by Thorsten Beck
For European financial economists traveling to Africa certainly makes for a nice break from the gloom and doom of Eurozone crisis, unfinished regulatory reforms and the politics of banking union. So, escaping last November to Nairobi to the bi-annual meeting of the African Economic Research Consortium was a nice opportunity to contemplate the enormous changes that African financial systems have gone through over the past decade. And while Kenya is certainly one of the countries most advanced in this transformation, many others are not far behind.
As much as the rest of the African economies, African finance used to be a basket case; shallow financial systems, dominated by inefficient state-owned banks, and regular crises, fuelled mostly by governance problems (if not outright theft) both in public and private sector. The financial liberalization of the 1980s and 1990s and the consequent regulatory upgrade brought financial stability, but not many gains in financial deepening and inclusion. This has changed over the past ten years, which have seen a persistent financial deepening across most countries on the continent. Financial innovation, such as mobile banking, branchless banking, weather-insurance for farmers, bio-metric identification techniques and psychometric screening, to name just a few, has helped make African finance more dynamic and more inclusive. And financial systems have become more diverse, with new players competing with banks or filling the gaps left by banks, including equity funds and mobile phone companies.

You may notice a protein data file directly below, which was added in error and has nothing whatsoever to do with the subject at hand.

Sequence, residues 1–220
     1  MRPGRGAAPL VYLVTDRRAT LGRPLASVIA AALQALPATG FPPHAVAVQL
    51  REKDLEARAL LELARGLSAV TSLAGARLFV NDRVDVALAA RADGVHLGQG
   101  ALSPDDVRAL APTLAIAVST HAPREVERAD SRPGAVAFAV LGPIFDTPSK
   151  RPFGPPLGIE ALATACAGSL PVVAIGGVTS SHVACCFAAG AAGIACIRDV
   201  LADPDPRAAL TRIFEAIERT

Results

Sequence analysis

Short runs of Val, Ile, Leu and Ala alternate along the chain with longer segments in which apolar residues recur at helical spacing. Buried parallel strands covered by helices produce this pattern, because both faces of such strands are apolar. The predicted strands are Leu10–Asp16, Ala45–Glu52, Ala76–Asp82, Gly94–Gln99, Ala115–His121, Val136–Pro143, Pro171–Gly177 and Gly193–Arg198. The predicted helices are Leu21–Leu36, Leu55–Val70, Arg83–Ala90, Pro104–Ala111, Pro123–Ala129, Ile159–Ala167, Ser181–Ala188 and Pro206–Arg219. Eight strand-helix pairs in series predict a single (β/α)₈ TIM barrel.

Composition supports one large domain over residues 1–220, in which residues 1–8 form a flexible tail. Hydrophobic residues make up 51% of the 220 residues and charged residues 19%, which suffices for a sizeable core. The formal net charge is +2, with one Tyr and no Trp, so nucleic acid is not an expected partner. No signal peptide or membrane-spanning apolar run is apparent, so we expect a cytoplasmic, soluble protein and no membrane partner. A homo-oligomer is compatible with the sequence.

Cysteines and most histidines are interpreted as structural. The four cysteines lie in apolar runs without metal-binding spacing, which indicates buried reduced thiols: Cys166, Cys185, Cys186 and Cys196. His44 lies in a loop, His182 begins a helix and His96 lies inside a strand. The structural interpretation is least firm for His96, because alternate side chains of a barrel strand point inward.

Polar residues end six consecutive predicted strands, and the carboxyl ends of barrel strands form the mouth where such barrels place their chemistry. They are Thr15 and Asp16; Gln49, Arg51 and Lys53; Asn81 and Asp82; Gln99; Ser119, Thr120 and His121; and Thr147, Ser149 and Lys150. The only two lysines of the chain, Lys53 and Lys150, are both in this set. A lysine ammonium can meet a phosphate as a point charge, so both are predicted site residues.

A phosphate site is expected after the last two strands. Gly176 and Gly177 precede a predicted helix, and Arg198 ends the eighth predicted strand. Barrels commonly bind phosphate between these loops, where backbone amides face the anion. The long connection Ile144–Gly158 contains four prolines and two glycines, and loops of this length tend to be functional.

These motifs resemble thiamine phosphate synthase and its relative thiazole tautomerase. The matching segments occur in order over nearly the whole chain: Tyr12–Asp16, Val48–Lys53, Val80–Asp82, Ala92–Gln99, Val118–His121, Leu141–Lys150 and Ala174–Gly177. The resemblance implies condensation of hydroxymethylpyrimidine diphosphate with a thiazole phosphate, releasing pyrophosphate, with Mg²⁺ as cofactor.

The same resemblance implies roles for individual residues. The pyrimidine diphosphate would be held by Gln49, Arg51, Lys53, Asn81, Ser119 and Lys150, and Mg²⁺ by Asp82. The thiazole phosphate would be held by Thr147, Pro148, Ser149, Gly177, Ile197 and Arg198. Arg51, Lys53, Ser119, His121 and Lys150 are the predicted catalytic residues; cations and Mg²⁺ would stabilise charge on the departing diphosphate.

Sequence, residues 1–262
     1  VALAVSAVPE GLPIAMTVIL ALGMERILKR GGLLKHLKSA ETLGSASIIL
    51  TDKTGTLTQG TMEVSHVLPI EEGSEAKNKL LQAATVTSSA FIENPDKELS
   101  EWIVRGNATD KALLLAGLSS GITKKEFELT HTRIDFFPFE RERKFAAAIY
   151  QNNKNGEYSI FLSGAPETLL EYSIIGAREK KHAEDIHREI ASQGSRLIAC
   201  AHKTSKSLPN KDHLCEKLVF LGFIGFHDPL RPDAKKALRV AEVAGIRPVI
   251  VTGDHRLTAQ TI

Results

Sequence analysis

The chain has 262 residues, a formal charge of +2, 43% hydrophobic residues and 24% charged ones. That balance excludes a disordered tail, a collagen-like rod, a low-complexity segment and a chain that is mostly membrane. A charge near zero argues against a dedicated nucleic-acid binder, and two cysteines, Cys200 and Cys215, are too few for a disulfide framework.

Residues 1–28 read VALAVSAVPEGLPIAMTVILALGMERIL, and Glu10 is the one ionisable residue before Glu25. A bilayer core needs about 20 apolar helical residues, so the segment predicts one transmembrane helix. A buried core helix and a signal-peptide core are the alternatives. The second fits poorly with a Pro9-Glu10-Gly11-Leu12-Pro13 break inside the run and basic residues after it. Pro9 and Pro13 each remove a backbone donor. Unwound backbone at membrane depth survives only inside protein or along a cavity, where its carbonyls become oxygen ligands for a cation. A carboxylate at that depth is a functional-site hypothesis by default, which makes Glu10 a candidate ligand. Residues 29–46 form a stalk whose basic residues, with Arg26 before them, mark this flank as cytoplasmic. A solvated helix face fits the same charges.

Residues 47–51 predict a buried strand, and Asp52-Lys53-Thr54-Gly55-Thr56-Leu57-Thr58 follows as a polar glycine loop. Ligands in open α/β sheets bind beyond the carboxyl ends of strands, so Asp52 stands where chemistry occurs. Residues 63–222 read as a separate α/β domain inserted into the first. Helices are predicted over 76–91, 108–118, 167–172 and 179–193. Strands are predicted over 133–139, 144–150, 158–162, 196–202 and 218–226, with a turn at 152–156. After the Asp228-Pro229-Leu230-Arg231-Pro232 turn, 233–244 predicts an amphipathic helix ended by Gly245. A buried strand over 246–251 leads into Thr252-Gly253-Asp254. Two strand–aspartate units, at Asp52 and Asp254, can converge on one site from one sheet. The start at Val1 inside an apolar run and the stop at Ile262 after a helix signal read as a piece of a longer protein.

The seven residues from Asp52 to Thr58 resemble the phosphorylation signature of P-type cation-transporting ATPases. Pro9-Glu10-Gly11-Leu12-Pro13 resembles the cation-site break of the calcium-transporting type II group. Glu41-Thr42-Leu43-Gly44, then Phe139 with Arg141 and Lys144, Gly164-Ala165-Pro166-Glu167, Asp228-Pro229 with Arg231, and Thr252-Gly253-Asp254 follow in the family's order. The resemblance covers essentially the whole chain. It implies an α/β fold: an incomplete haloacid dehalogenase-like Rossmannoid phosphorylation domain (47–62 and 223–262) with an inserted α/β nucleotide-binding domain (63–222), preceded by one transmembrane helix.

Coming with this development is a new brand of banks in Africa. Where financial systems used to be dominated by European banks, pan-African banks have taken a more prominent role. While some of them seem to copy the model of the European banks, focusing on the high-end of the market, others have been more innovative, pushing out the frontier.
Is the picture all bright and shiny? Certainly, not. Long-term finance, so urgently needed for infrastructure and housing, is still scarce. Only a fraction of the population has access to quality banking products. And as history tells us financial deepening comes with risks. And as the Europeans can attest to, financial integration carries enormous challenges and risks. Regulators will have to be on the watch for any new sources of fragility. Cross-border banking imposes high requirements for cross-border cooperation. But, all in all, there seems a clear trend upwards.
For a recent overview of African, please see this forthcoming handbook chapter.
About Thorsten Beck
Thorsten Beck joined the Faculty of Finance in September 2013 as professor of banking and finance. Since 2008 he has been professor of economics at Tilburg University in the Netherlands and was the founding chair of the European Banking Center from 2008 to 2013. He is also a research fellow of the Centre for Economic Policy Research (CEPR). Full Profile